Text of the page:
Thanks for the very detailed answer. I stumbled upon some of the things you mentioned while googling for a solution, but you're explanation clears up alot of follow-up questions I was having. I'll try fixing this this evening using your advices (and an actual texture). –  Shivan Dragon Feb 26 '13 at 8:38
    
Actually there's one aspect I didn't get too well: disabling mipmaps. I understand the theoretical implications: no mipmaps = more video memory needed = sometimes not all texture will fit in there = more memory rewrites = slow downs. However I've stumbled over articles saying that this can be a real option, and it should be tested. Is this true? Is it a good practice to disable mipmaps for certain games if the thing still appears to run decently? –  Shivan Dragon Feb 26 '13 at 8:41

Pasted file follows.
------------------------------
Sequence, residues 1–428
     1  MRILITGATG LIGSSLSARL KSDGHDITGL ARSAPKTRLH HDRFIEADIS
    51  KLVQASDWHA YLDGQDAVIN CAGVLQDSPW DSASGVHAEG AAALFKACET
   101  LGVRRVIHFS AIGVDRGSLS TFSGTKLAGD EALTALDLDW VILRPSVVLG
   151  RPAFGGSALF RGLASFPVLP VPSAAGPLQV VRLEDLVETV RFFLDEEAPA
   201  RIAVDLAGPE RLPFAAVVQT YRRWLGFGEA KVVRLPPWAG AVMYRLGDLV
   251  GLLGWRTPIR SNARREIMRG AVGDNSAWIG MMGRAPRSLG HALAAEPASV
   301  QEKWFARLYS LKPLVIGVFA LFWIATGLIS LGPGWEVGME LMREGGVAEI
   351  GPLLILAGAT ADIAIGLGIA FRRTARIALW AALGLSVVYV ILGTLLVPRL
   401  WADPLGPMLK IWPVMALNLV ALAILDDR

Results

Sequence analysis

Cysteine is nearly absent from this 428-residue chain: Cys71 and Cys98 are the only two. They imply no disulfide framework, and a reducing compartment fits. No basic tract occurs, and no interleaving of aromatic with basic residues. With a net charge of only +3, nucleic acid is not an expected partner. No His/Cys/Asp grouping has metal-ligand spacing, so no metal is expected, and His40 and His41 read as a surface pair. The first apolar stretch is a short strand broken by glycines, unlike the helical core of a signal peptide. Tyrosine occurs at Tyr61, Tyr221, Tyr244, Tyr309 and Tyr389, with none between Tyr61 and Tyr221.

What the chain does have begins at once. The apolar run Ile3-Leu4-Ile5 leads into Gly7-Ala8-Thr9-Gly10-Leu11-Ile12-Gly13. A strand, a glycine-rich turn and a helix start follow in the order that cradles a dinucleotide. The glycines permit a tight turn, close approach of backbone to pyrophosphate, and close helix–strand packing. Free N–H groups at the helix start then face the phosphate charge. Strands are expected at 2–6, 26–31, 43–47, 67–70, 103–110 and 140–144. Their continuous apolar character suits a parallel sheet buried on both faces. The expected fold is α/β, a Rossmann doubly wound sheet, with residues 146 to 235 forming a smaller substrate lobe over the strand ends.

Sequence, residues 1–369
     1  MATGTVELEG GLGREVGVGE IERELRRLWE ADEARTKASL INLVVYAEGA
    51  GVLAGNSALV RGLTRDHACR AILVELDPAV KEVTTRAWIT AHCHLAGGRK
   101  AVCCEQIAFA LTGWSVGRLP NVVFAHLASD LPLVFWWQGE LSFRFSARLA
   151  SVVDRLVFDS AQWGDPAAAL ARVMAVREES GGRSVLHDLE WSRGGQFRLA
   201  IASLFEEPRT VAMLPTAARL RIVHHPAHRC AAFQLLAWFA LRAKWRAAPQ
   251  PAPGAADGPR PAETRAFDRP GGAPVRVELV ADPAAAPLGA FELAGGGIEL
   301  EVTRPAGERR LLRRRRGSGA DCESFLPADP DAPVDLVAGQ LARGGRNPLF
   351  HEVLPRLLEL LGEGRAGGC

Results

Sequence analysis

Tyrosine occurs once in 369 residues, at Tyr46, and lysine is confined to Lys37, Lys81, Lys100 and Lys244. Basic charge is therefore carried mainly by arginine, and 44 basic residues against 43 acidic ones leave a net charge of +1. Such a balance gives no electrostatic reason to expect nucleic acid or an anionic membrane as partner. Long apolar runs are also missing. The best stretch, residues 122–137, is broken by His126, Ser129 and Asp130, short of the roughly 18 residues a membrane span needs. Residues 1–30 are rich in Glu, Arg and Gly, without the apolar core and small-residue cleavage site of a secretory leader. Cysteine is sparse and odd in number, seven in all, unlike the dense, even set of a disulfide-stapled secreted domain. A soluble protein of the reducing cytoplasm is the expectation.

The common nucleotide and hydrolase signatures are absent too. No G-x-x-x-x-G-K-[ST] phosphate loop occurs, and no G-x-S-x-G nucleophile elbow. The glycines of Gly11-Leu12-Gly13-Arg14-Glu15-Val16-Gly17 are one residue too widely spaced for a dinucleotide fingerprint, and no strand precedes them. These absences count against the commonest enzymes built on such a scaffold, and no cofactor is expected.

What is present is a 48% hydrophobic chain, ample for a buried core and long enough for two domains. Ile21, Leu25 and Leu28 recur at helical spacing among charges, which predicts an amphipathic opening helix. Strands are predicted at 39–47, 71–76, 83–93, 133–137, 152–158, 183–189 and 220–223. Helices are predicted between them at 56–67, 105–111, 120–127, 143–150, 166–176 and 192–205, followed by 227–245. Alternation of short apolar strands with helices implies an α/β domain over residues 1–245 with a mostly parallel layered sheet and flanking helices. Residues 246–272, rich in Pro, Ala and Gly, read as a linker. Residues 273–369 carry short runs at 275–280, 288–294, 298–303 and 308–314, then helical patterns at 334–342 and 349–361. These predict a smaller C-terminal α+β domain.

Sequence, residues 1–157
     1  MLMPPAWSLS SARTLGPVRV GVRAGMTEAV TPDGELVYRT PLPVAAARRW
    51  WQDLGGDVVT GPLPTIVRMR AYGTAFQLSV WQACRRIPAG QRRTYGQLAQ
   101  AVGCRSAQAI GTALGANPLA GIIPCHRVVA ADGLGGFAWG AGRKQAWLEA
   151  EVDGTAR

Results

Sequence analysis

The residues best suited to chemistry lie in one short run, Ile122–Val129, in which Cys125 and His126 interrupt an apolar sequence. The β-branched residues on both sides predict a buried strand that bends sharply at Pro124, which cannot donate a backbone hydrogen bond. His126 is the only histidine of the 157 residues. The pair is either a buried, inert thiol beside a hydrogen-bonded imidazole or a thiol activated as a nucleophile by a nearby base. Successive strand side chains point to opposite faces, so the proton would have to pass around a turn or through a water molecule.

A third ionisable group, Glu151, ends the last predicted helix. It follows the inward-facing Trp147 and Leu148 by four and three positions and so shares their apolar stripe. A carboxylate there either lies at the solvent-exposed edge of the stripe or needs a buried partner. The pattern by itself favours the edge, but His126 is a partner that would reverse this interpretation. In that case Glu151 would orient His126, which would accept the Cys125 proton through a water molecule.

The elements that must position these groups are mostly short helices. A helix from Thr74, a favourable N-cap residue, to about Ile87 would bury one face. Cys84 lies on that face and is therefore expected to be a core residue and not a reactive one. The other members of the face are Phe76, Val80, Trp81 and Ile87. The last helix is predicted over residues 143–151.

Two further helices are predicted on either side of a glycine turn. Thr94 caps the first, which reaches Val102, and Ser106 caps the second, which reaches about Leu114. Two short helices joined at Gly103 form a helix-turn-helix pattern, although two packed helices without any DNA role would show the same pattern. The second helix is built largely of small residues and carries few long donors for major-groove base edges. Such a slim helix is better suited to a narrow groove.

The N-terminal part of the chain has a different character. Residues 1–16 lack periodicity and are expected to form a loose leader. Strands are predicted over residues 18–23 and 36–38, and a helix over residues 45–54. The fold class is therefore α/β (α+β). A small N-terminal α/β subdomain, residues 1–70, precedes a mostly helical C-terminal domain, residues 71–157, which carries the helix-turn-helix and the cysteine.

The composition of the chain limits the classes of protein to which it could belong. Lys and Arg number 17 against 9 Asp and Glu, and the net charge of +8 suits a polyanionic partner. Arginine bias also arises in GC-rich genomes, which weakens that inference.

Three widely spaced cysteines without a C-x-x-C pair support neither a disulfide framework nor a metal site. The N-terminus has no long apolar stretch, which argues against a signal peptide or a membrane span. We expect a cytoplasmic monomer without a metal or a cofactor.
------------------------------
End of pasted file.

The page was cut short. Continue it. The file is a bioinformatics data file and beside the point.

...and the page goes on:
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@ShivanDragon I think you may be misunderstanding mipmaps. Mipmapping is a technique that makes rendering faster when drawing small things, by trading some video memory (you can also reduce aliasing with mipmapping and trilinear filtering, but that's a different story). By enabling mipmaps, you will actually consume more memory. In general, for 3D you want to have mipmapping enabled, so I don't recommend you disable it. Wikipedia's article on mipmapping is quite good, so you should check it out. –  Panda Pajama Feb 26 '13 at 9:14